St. Mary’s Hospital, located in Kitchener, Ontario, is on the lookout for bed bugs. Last Sunday, it is suspected a patient of the Emergency Room was the means of transporting the pests into the ER.
Bed bugs have been known to hitch a ride in clothing, backpacks or purses; anything that offers a dark, secluded harbourage between feedings. If disturbed, they will scurry off in search of a new hide-away. Or if hungry they will seek out their favourite food – human blood. They find their victims by sensing their body head and their exhaled CO2.
St. Mary’s staff did a thorough cleaning of the affected ward, discarding supplies that might be infested, and contracting out a thorough steam cleaning of the area. Steam can be an effective treatment as a contact killer of bed bugs. They also directed their employees to clear out their personal belongings from the locker room. Lydia Chudleigh, Vice-President of Quality Performance and Management, stated:
“It was probably overkill. No bugs were sighted in that area.”
A bed bug policy has been put in place and staff instructed to be on the lookout for additional bed bugs.
St. Mary’s is to be applauded for their efficient and green response to the threat. It is hoped:
- the discarded supplies were marked as ‘bed bug infested’;
- they instructed their staff to isolate their belongings until they could be heat treated, e.g. 30 minutes in a dryer on high heat; and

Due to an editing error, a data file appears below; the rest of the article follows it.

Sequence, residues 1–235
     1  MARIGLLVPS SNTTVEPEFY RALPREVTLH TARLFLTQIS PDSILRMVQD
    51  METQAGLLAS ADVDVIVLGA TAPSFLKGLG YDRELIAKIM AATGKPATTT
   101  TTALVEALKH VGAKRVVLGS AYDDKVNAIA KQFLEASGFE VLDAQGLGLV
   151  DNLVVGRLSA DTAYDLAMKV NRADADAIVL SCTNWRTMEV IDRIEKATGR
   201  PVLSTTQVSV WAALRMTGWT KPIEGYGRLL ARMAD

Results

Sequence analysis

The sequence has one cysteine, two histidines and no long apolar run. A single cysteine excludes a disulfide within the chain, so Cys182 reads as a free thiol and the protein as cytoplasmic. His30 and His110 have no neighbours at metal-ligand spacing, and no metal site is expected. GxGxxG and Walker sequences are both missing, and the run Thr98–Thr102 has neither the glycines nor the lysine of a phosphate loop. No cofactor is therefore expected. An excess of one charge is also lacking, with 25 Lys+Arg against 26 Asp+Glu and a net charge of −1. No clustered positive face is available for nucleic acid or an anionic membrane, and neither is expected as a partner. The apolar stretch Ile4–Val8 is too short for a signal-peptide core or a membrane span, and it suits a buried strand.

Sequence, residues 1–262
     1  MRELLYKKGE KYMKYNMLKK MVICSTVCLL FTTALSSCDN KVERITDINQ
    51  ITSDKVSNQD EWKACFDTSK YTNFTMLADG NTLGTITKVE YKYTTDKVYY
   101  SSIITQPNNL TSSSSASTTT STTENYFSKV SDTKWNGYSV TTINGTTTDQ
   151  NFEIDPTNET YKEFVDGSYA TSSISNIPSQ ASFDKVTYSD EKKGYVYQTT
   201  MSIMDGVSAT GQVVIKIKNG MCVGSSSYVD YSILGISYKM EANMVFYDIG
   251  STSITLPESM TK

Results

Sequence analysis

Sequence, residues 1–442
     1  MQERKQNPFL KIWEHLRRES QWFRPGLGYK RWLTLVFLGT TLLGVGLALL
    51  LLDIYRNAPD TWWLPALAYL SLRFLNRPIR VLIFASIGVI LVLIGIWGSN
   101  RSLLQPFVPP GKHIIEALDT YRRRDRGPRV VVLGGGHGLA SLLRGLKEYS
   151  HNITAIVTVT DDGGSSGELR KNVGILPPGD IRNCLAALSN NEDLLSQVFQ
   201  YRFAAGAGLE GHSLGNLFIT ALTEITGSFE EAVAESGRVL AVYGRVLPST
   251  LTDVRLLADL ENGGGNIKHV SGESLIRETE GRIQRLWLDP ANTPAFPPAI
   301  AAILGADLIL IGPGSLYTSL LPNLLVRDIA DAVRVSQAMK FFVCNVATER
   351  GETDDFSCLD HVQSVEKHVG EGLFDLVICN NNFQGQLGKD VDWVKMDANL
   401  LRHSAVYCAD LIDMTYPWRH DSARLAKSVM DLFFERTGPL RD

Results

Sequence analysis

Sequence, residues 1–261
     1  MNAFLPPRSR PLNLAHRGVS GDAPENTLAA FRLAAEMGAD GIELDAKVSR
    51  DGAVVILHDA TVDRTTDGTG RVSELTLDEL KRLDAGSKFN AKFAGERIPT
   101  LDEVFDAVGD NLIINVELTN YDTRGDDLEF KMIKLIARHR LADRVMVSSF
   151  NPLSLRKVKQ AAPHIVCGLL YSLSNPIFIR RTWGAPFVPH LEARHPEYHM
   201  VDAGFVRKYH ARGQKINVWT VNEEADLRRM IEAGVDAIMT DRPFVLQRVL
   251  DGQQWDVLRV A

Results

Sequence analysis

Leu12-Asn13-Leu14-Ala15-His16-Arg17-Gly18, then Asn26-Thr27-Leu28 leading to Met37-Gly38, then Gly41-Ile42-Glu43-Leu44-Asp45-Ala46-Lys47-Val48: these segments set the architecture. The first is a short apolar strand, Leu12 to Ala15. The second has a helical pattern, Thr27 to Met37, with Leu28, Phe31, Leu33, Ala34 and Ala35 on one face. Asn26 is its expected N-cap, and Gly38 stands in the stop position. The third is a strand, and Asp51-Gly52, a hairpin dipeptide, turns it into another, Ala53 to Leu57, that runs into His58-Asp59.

- staff have been fully versed in all stages, appearance and habits of bed bugs throughout their life cycle.
They could have gone one step further to ensure their eradication efforts were successful – they could have hired a bed bug dog as a post-treatment quality control measure; even Chudleigh stated:
“We believe we got anything that might have been there. But you can never be too careful.”
on 2011-08-03 04:22 by Bedbugmutts
In response to the publicity generated on this bed bug news piece, hospital officials of St. Mary's General Hospital have clarified the situation. The ER patient in question, resided in a building with bed bugs. The hospital isolated the patient, discarded supplies that may have been exposed, added cleaning precautions - including the cleaning of a staff room. This was St. Mary's first bed bug patient and the Director of Support Services, Tammy Quigley, was quick to point out:
"Bed bugs, while a nuisance, are not a health risk for patients."
Assuming Quigley was referring to the fact bed bugs are not a vector to pass disease to their victims, those that have suffered anxiety filled sleepless nights would argue that they are a health risk.